Configure the Network

Since Aether ultimately provides a connectivity service, how the cluster you just installed connects to the network is an important detail. As a first pass, Aether OnRamp borrows a configuration from AiaB; support for other options, including SR-IOV, will be added over time. Type:

$ make net-prep

This target configures Linux (via systemctl), but also starts a Quagga router running inside the cluster. To see how routing is set up for Aether OnRamp (which you will need to understand in later stages), you may want to inspect resources/router.yaml.

Bring Up Aether Management Platform

The runtime management of Aether is implemented by two Kubernetes applications: Runtime Control (ROC) and a Monitoring Service. (Note that what the implementation calls ROC, Chapter 6 refers to generically as Service Orchestration.) The two management services can be deployed on the same cluster with the following two Make targets:

$ make 5g-roc
$ make 5g-monitoring

The first command brings up ROC and loads it database with bootstrap information (e.g., defining a default Aether site). The second command brings up the Monitoring Service (Grafana running on top of Prometheus) and loads it with a set of dashboards.

kubectl will show the aether-roc and cattle-monitoring-system namespaces now running in support of these two services, respectively, plus new atomix-runtime pods in the kube-system namespace. Atomix is the scalable Key/Value Store that keeps the ROC data model persistent.

You can access the dashboards for the two subsystems, respectively, at


More information about the Control and Monitoring dashboards is given in their respective sections of the Aether Guide. Note that the programmatic API underlying the Control Dashboard, which was introduced in Section 6.4, can be accessed at in our example deployment.

Bring Up SD-Core

We are now ready to bring up the 5G version of the SD-Core:

$ make 5g-core

kubectl will show the omec namespace running. (For historical reasons, the Core is called omec instead of sd-core).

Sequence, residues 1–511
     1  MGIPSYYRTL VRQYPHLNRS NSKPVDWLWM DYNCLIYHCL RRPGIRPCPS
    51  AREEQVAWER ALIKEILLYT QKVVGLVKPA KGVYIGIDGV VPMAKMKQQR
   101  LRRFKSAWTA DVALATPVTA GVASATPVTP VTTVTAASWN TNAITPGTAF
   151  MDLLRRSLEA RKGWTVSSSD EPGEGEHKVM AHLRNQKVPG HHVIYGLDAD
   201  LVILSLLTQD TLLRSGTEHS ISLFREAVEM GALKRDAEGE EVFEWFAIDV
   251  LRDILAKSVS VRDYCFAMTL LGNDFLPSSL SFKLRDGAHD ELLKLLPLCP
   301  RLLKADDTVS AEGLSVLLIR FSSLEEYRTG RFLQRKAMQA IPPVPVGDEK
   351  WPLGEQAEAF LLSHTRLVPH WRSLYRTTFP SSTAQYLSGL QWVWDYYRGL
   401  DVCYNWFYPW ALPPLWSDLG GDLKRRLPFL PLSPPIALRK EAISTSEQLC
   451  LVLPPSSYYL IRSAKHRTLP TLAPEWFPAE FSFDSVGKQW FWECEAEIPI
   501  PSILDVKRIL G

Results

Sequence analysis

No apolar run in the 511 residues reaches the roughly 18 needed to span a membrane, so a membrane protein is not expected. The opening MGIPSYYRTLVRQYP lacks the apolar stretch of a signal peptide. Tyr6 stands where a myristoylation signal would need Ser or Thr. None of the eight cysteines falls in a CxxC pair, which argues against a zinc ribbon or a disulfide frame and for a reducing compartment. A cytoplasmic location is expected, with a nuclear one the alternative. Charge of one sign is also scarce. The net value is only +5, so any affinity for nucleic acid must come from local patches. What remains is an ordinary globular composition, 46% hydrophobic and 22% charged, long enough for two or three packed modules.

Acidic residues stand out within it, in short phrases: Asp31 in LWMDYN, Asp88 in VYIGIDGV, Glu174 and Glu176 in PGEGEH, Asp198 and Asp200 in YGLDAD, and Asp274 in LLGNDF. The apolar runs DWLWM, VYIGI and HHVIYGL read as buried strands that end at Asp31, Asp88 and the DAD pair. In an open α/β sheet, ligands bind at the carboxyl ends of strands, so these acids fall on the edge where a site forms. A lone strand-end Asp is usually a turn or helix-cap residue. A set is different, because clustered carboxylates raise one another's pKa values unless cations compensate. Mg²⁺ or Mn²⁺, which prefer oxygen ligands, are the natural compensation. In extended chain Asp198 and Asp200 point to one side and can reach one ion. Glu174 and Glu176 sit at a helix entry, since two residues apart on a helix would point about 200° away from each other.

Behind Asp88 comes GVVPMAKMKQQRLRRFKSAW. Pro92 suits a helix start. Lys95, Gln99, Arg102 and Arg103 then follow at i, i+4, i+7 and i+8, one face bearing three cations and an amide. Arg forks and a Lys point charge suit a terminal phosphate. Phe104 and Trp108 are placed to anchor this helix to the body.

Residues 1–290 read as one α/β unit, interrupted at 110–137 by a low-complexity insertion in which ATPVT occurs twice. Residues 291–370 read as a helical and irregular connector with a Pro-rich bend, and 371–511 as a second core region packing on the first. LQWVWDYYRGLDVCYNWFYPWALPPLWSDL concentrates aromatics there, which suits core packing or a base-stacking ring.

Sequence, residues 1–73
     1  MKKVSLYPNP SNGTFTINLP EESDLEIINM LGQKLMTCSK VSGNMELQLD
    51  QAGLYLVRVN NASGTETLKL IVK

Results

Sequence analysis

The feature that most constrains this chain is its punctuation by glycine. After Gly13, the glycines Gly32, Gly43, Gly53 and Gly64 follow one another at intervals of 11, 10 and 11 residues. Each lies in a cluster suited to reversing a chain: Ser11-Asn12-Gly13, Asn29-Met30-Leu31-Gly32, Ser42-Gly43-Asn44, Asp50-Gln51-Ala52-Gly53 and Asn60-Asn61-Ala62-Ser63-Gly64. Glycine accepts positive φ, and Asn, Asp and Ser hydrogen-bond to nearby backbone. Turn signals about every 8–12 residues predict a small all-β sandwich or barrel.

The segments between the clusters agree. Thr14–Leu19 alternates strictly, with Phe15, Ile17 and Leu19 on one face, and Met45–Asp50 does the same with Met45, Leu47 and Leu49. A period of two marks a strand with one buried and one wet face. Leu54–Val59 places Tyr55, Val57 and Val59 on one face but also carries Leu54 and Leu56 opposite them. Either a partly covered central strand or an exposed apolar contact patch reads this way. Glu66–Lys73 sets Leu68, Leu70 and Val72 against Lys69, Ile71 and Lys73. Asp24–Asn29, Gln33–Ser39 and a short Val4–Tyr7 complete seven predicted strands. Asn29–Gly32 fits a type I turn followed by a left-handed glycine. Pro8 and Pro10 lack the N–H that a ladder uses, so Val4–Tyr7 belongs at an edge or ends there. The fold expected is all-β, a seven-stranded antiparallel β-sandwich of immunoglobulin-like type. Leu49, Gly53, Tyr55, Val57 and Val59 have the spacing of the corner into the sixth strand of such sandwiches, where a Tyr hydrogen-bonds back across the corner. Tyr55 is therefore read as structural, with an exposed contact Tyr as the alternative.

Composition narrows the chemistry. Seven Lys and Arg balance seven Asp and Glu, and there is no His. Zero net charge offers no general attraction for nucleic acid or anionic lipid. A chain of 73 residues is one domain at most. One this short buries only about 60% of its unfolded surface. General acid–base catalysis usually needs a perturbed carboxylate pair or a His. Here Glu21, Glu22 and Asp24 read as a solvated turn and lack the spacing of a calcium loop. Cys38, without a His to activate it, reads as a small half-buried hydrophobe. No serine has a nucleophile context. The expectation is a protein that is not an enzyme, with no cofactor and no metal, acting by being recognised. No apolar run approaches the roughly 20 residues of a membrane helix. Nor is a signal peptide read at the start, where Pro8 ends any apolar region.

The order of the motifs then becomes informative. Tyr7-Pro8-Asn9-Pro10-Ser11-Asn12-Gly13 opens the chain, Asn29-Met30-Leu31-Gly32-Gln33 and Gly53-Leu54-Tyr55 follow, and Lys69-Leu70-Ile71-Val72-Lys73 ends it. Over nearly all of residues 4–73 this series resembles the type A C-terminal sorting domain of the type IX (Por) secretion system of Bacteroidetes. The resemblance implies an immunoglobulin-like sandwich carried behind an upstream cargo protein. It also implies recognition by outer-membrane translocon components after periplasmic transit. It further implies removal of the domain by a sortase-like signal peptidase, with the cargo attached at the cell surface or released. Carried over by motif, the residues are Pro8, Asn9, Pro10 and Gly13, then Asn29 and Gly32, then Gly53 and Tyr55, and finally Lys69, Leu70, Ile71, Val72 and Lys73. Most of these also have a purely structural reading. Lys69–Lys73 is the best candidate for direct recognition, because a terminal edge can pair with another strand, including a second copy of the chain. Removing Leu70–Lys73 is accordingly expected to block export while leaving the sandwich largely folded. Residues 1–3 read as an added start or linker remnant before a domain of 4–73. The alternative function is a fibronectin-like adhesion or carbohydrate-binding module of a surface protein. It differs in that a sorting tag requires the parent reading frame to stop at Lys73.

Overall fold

In addition, the monitoring dashboard will show an active (green) UPF, but no base stations or attached devices at this point. Note that you will need to click on the “5G Dashboard” sub-page once you connect to the main monitoring page.

You can also peruse the Control dashboard by starting with the dropdown menu in the upper right corner. For example, selecting Devices will show the set of UEs registered with Aether, and selecting Device-Groups will show how those UEs are grouped into aggregates. In an operational environment, these values would be entered into the ROC through either the GUI or the underlying API. For the emulated environment we’re limiting ourselves to in Stage 1, these values are loaded from aether-latest/roc-5g-models.json and match the settings in aether-latest/sd-core-5g-values.yaml.

Run Emulated RAN Test

We can now test SD-Core with emulated traffic by typing:

$ make 5g-test

As the emulation progresses, the monitoring dashboard will show two emulated gNBs and five emulated UEs come online, with the performance graph plotting upstream and downstream transfer rates. All of these indicators go “silent” once the emulation completes, but you can execute the 5g-test target multiple times without restarting the SD-Core to see additional activity.

Clean Up

Working in reverse order, the following Make targets tear down the three applications you just installed, restoring the base Kubernetes cluster (plus Quagga router):

$ make core-clean
$ make monitoring-clean
$ make roc-clean

If you want to also tear down Kubernetes for a fresh install, type:

$ make net-clean
$ make clean